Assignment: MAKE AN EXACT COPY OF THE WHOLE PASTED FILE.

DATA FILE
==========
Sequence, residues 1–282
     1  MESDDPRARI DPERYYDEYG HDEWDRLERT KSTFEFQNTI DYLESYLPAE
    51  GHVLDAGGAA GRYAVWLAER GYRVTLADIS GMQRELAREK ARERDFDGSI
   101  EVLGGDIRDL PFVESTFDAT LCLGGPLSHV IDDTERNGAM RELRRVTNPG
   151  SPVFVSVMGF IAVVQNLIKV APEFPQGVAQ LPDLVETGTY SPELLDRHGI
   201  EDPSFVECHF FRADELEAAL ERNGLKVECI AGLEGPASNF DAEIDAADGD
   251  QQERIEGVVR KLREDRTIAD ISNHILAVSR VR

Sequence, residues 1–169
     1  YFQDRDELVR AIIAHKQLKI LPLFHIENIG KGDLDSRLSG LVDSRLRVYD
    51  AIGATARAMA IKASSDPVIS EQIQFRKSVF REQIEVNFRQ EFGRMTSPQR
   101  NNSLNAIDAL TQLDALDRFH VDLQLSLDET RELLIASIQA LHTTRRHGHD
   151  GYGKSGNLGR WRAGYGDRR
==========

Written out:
Sequence, residues 1–282
     1  MESDDPRARI DPERYYDEYG HDEWDRLERT KSTFEFQNTI DYLESYLPAE
    51  GHVLDAGGAA GRYAVWLAER GYRVTLADIS GMQRELAREK ARERDFDGSI
   101  EVLGGDIRDL PFVESTFDAT LCLGGPLSHV IDDTERNGAM RELRRVTNPG
   151  SPVFVSVMGF IAVVQNLIKV APEFPQGVAQ LPDLVETGTY SPELLDRHGI
   201  EDPSFVECHF FRADELEAAL ERNGLKVECI AGLEGPASNF DAEIDAADGD
   251  QQERIEGVVR KLREDRTIAD ISNHILAVSR VR

Sequence, residues 1–169
     1  YFQDRDELVR AIIAHKQLKI LPLFHIENIG KGDLDSRLSG LVDSRLRVYD
    51  AIGATARAMA IKASSDPVIS EQIQFRKSVF REQIEVNFRQ EFGRMTSPQR
   101  NNSLNAIDAL TQLDALDRFH VDLQLSLDET RELLIASIQA LHTTRRHGHD
   151  GYGKSGNLGR WRAGYGDRR